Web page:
Tesla’s Shares Fall Down A Deep, Dark Well After Musk Admits Personal Struggles
Tesla shares fell over 8 percent following an interview CEO Elon Musk gave to The New York Times Friday that highlights the pressures associated with manning the helm at the California automaker.
The company’s stock is on pace for its worst day since March, when it fell 8.22 percent. Tesla fell over 15 percent since Musk announced on Twitter that he was considering taking the company private after years of being publicly traded.
Musk told TheNYT that the past year has been “excruciating,” calling it “the most difficult and painful” of his career. He also claimed to have logged 120 hours a week, according to TheNYT report, which comes days before Musk is scheduled to talk to federal regulators about claims he made in an Aug. 7 tweet claiming to have “funding secured” to pull Tesla out of Wall Street.
Saudi’s Public Investment Fund (PIF) bought up 5 percent of the electric vehicle maker’s shares in 2018, sources told the Financial Times. The PIF’s position is worth between $1.7 billion and $2.9 billion at Tesla’s current share price. The stake makes the fund one of Tesla’s eight biggest shareholders. Musk used recent discussions with the Saudi family as the justification for the tweet.
The Securities and Exchange Commission is also reportedly trying to determine if the tweet was designed to hurt Tesla short-sellers, according to The Wall Street Journal. The WSJ reported that the agency is pressing Tesla’s board on how much information the CEO shared ahead of last week’s Twitter announcement. The stress is getting to the billionaire tech guru.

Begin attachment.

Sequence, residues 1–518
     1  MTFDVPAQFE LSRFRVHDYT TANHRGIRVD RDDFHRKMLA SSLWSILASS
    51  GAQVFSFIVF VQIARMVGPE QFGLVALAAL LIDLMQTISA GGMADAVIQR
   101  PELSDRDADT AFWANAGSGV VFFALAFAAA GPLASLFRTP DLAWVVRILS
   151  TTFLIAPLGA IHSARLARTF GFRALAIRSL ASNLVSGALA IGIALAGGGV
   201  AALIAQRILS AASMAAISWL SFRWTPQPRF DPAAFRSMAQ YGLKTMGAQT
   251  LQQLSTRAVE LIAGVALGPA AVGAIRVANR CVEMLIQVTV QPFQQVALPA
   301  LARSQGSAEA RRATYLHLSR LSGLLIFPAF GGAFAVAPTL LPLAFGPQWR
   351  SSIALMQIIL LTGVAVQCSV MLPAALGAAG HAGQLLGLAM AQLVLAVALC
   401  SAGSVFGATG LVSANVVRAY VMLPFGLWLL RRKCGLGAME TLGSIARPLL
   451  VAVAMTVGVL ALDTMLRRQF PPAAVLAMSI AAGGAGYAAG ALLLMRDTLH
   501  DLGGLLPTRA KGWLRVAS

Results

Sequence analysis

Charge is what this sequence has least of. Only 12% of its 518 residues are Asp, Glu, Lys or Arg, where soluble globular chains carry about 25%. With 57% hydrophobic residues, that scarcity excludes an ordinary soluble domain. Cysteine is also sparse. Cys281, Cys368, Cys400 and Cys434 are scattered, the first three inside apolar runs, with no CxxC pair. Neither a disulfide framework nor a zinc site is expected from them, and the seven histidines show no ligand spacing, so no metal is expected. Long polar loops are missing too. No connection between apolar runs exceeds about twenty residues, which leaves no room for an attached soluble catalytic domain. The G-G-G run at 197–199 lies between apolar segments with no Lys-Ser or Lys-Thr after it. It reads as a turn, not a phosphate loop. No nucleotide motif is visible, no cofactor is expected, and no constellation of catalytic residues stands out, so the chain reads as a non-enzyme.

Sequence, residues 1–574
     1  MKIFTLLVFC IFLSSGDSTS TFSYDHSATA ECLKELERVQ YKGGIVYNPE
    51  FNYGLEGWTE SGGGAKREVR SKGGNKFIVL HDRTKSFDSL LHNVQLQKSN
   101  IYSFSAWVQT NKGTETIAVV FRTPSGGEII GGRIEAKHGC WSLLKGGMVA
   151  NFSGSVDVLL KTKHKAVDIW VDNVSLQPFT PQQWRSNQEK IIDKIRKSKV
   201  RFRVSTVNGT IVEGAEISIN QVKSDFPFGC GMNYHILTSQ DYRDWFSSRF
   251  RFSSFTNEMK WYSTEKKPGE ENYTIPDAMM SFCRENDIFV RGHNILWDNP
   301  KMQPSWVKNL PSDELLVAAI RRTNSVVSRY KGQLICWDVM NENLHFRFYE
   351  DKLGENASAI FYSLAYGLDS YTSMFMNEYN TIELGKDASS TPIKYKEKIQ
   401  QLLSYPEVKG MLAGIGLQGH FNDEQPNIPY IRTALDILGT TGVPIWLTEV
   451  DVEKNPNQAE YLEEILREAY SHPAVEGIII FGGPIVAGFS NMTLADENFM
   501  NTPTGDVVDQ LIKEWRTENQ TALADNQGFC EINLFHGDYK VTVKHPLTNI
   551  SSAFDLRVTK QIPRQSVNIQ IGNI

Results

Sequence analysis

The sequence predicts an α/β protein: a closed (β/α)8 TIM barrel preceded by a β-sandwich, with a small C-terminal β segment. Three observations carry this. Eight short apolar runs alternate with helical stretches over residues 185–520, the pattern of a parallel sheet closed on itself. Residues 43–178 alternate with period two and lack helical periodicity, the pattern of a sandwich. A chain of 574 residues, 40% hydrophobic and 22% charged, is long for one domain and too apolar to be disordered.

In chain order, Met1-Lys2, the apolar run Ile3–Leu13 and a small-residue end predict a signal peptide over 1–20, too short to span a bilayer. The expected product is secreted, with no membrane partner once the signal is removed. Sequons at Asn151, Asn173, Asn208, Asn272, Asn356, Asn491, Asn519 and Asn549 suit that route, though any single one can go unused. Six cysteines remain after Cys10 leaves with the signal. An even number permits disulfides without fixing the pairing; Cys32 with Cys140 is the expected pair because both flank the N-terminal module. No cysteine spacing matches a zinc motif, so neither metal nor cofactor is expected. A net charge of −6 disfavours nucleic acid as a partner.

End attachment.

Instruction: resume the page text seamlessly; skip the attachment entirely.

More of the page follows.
“There were times when I didn’t leave the factory for three or four days — days when I didn’t go outside,” Musk said before admitting that he has not had more than a week’s vacation since 2001. “This has really come at the expense of seeing my kids. And seeing friends.”
He spent the full 24 hours of his 47th birthday at work.
“All night — no friends, nothing,” Musk told TheNYT.
Musk’s belligerent attitude toward short-sellers and the media is probably not helping matters. He engaged in a highly unusual and combative tit-for-tat with reporters on the call in April, which culminated in Musk calling reporters “boneheaded” for asking questions about problems plaguing the electric automaker. (RELATED: ‘Unusual’: Elon Musk Appears To Have Nervous Breakdown During Bizarre Tesla Earnings Call)
The analysts on the call were asking a series of questions about aspects of Tesla’s business model, which has been scrutinized recently for failing to meet crucial sales deadlines. The company’s Model 3 vehicle, which many argued was the car that would thrust Tesla into the automotive industry elite, has sputtered, flopped and failed to hit the sales marks Musk previously promised. The dust-up resulted in reports from CNN and other outlets lamenting Musk’s treatment of the media.
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